Farah Pandith, a former radio guest on Inside Islam. Photo: www.state.gov
One of the most popular topics here on Inside Islam has been gender, primarily focusing on women. That’s no coincidence, given that Islam’s attitude towards women is generally portrayed in Western media as retrograde and repressive.
And there’s certainly plenty to criticize. Over our four years, we have highlighted cases like that of Amina Filali, a Moroccan girl who committed suicide after being forced to marry her rapist, and Sakineh Mohammadi Ashtiani, an Iranian woman sentenced to be stoned for adultery. We have also addressed issues such as domestic abuse and how key texts have been interpreted to discriminate against women, to ban women drivers, and to justify practices like child marriage.
But while our goal has never been to whitewash problematic issues, at the same time the standard mainstream rhetoric regarding Muslim women oversimplifies things and only further disempowers them. There has been a general inability to look beyond the veil when discussing Muslim women. Non-Muslim women or men who preach to Muslim women because they choose to cover their heads or accept certain circumstances tend to fall into the trap of portraying all Muslim women as a single entity without agency. They miss the movement within Islam itself to empower women.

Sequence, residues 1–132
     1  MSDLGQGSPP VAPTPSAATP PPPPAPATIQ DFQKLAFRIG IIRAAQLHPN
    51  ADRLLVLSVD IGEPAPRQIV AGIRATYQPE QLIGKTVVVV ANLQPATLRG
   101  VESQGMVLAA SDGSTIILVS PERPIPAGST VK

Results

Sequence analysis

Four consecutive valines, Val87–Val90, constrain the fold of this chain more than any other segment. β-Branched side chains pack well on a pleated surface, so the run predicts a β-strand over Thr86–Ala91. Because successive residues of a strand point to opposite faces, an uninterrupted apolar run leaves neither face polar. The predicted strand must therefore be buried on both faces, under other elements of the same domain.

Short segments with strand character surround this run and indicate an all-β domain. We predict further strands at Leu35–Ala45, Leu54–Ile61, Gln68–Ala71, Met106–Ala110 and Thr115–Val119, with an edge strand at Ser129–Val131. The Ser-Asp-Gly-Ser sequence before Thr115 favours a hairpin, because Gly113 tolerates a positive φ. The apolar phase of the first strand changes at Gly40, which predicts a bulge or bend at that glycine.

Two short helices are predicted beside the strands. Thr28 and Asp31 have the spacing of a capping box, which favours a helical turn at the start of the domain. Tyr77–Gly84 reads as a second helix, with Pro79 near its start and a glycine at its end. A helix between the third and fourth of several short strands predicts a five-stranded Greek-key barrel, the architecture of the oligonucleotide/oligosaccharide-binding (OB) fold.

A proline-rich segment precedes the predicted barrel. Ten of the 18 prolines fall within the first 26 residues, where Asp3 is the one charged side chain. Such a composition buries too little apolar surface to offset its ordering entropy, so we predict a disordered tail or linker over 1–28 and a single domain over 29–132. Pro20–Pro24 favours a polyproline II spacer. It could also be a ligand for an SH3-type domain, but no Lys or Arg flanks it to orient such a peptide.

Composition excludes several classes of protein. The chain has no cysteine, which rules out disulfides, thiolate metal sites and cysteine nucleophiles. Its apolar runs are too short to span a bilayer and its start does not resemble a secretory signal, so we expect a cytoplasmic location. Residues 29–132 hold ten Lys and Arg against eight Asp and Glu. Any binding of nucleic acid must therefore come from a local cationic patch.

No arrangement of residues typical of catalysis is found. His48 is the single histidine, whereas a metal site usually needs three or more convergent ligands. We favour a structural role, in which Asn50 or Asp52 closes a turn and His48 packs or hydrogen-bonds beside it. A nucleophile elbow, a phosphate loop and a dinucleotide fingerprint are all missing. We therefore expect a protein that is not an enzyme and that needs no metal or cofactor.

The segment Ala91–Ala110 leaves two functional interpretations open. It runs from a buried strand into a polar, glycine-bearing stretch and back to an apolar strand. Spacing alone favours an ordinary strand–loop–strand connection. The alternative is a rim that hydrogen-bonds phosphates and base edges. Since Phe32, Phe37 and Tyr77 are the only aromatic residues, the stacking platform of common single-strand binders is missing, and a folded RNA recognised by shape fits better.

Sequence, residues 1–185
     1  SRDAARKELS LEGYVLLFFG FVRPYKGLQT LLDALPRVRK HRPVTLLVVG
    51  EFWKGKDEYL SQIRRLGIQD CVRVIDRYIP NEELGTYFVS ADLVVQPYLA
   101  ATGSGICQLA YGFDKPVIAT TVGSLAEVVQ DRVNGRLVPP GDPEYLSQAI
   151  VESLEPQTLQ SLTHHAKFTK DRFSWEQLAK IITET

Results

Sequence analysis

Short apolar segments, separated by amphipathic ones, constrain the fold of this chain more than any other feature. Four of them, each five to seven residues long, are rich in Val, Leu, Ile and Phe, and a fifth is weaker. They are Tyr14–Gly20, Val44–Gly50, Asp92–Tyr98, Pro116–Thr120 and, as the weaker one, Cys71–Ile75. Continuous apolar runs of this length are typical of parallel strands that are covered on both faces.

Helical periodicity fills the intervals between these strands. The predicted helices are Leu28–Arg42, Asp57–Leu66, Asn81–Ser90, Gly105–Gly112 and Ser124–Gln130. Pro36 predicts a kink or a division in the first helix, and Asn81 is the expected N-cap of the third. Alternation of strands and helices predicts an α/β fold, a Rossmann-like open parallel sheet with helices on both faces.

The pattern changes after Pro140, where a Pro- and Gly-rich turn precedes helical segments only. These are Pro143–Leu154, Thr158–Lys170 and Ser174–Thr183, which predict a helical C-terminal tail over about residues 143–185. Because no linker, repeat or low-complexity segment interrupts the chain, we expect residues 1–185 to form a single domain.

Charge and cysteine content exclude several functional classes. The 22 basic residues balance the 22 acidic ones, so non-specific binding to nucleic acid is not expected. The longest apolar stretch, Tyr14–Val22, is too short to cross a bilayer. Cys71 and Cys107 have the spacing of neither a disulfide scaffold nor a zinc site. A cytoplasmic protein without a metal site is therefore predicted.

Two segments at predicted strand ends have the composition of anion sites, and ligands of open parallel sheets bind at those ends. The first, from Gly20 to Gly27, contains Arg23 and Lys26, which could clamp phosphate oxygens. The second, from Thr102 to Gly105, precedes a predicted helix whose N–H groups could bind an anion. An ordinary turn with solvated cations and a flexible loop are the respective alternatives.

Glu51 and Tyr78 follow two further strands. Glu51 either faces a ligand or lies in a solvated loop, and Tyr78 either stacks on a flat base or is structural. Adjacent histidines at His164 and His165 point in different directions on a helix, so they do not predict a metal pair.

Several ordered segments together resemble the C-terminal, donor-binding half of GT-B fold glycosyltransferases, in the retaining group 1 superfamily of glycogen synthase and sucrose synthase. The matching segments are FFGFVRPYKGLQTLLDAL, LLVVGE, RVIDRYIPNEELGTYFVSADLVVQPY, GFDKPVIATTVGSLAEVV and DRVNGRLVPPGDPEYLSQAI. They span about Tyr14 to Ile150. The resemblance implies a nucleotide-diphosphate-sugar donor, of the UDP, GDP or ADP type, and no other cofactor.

Zakia Soman, founding member of the Bharatiya Muslim Mahila Andolan. Photo: CivilSocietyOnline.com
Muslim women in India are organizing against what they see as unfair laws regarding marriage, divorce, and property rights. Although the Indian Constitution offers all citizens equal rights irrespective of gender and religion, these rights do not extend to personal law. India does not have a uniform civil code; in family matters, legal decisions are based on religious law.
Muslims in India are governed by the Muslim Personal Law (Shariat) Application Act of 1937, which defines the scope of Muslim personal law as including all affairs regarding succession, marriage, dissolution of marriage, guardianship, and property rights. Muslim personal law is largely uncodified, and legal decisions are made by courts on the basis of the Qur’an and hadith. Organizations like the All India Muslim Personal Law Board (AIMPLB) and Jamiat Ulema-e-Hind (JUH) see themselves as spokespersons for the Muslim community, and lobby the government in cases where they believe Muslim law is being impinged upon.
Women’s groups have criticized the AIMPLB and JUH for their retrograde views regarding women’s rights. Continue reading →
On Tuesday night, I attended Ayaan Hirsi Ali‘s talk “Refuse to be Silenced: Feminism Today” as part of the University of Wisconsin-Madison’s Distinguished Lecture Series. This series aims to generate constructive dialogue around controversial issues. I was hesitant to go to the lecture because I was aware of her story and her attitudes towards Islam; however, I decided to go and listen to hear what she has to say.
Ali is a Somali and Dutch writer, politician, and critic of Islam. She was born to a Muslim family in Somalia and in the early part of her life was a practicing Muslim. In 1992, she arrived in the Netherlands and was granted political asylum. She has written that the reason for her fleeing to the Netherlands was a forced marriage. However, it came to light in 2006 that she had given false information on her asylum application, so the exact events that led to her arrival in the Netherlands are unclear. She was voted into the Dutch parliament in 2003 and later resigned as a result of the asylum controversy. In 2002, Ali left Islam and became an atheist. Continue reading →